File Photo – Illinois Gov. J.B. Pritzker | Photo: Illinois Information Service

Governor JB Pritzker announced an additional $100 million in anti-violence funding for municipalities across Illinois, including Waukegan, Zion and North Chicago.

The grants will be allocated to fund gun violence prevention programs in 16 municipal areas in the state.

The funding will support nonprofit community-based organizations and local governments and is part of the Reimagine Public Safety Act (RPSA).

The new funding builds on top of $113 million made available in May as well as $10 million in funding to Chicago and other areas of the state before summer.

Pritzker’s office calls the RPSA “a multi-pronged approach to violence prevention that calls for research-backed services,” like school programs, job training, youth services, violence interruption and mental health care.

The new investments in the state come after the Office of Firearm Violence Prevention (OFVP) at the Illinois Department of Human Services (IDHS) met with local councils in the 16 municipalities to decide on how to allocate resources.

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In May, funds were used to invest in violence prevention and youth services in Waukegan, North Chicago and Zion.

Lake County State’s Attorney Eric Rinehart announced in June that “violence interrupters” will provide services to the three Lake County communities to reduce gun violence.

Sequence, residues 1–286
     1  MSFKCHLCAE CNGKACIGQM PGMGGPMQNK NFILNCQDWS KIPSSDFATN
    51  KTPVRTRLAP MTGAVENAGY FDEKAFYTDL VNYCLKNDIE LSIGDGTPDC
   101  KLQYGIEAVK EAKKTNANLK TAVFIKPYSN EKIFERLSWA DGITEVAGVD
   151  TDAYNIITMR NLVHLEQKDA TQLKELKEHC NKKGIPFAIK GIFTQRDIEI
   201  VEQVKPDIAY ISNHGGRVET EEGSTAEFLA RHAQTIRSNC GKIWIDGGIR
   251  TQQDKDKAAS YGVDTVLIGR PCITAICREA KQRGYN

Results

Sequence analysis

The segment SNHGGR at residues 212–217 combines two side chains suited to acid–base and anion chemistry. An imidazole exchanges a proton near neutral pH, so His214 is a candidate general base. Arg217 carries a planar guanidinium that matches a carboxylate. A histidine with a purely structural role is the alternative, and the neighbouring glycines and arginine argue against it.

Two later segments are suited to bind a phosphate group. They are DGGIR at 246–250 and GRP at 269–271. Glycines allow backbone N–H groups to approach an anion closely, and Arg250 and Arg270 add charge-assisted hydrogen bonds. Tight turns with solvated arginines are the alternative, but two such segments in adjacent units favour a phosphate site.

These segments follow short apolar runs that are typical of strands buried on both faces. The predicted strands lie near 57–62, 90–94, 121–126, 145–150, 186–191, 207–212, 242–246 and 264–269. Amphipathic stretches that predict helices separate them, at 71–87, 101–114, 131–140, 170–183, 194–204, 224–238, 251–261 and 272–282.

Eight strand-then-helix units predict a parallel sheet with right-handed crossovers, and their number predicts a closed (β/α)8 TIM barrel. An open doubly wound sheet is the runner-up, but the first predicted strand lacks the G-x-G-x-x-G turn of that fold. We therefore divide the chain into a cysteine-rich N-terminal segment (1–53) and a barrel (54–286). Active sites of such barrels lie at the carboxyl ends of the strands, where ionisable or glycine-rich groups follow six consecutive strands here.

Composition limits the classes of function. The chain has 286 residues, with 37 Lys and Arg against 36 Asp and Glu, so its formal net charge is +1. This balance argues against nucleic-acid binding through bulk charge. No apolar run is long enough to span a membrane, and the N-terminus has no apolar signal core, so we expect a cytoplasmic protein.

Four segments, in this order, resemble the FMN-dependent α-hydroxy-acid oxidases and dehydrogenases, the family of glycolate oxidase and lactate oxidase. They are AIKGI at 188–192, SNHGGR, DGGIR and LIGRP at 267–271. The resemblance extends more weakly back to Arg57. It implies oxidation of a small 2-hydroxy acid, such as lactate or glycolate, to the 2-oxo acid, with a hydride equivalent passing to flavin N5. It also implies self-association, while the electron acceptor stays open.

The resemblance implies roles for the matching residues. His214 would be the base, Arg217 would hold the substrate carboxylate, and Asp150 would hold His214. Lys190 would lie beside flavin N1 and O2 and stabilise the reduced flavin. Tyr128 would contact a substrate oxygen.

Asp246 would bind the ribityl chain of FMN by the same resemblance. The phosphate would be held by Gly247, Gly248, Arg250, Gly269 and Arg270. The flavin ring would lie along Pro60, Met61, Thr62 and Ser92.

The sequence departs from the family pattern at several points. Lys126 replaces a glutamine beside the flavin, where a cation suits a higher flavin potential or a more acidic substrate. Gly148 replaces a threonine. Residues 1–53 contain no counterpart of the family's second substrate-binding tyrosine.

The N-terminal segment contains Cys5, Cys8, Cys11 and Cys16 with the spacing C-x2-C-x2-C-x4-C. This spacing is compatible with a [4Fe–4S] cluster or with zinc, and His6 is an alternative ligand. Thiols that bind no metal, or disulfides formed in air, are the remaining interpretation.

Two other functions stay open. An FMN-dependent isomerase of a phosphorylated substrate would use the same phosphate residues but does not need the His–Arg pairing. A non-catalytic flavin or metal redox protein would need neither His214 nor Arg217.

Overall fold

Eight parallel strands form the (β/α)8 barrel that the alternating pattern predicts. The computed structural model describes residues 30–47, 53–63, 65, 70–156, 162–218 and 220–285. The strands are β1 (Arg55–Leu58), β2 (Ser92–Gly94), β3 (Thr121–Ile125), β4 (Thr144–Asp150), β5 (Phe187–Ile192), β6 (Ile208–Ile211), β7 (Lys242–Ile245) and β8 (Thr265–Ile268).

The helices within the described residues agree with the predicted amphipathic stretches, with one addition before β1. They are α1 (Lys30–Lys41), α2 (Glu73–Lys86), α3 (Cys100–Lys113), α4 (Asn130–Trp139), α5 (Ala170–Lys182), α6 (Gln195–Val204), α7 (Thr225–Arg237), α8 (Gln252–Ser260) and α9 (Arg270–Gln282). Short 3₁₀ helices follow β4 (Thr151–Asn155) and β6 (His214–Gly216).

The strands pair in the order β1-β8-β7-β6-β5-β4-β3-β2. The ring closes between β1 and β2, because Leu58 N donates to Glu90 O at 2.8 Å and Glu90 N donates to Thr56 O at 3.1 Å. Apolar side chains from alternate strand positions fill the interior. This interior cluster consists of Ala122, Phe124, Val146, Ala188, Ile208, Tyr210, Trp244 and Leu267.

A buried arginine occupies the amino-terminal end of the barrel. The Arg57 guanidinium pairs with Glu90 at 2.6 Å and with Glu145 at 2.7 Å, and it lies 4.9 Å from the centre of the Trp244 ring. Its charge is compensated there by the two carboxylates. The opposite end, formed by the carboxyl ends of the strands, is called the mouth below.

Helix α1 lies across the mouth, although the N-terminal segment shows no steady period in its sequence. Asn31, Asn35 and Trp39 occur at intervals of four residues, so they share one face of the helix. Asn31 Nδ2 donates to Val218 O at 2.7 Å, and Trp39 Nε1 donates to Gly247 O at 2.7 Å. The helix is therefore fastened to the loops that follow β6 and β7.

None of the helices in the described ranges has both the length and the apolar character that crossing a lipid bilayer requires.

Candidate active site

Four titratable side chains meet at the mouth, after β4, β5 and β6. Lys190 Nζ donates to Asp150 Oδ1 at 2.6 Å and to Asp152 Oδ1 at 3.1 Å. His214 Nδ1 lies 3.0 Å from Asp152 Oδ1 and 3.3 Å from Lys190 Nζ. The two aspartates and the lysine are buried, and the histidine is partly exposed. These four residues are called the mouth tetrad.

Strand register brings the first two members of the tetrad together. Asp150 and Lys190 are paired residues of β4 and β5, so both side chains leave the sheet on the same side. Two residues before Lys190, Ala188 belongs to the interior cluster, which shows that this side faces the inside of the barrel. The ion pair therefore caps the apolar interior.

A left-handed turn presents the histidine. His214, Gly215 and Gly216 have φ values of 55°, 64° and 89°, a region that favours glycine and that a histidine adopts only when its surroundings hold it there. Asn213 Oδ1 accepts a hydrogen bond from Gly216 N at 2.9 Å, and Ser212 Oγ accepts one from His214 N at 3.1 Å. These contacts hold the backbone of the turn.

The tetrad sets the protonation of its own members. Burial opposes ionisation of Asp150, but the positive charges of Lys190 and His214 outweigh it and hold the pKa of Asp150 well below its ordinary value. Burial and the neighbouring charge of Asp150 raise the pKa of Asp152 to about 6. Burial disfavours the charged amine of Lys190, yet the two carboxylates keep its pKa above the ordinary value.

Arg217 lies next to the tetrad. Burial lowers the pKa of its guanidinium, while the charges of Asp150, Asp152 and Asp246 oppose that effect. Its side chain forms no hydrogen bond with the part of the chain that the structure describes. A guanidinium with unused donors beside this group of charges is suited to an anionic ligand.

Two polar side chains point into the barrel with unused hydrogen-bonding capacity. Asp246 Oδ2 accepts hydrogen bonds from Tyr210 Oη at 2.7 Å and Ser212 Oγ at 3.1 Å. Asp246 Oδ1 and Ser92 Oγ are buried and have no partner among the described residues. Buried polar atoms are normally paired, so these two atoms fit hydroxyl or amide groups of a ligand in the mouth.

State officials took a data-focused approach to address municipalities that have high risks of firearm violence.

Nearly $240 million in funding has been committed to youth development and violence prevention efforts across the state for fiscal years 2022, 2023 and 2024.

Organizations can apply for grants by visiting the IDHS website.

Pritzker praised his administration for “delivering historic levels of violence prevention funding to interrupt violence and keep our communities safe.”

“This funding will support on-the-ground work from people with the community knowledge and passion necessary to make substantive change,” Pritzker said.

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“This historic funding is about putting resources where they are needed, with the stakeholders who are the wisdom in the room—the organizations and workers providing vital services in impacted communities,” Lt. Governor Juliana Stratton said.

“These grants will support programs that identify root causes and the best ways to address them, as well as elevating assistance for the trauma gun violence creates. Public safety, as well as the well-being of Illinois residents throughout our state, is a top priority,” Stratton added.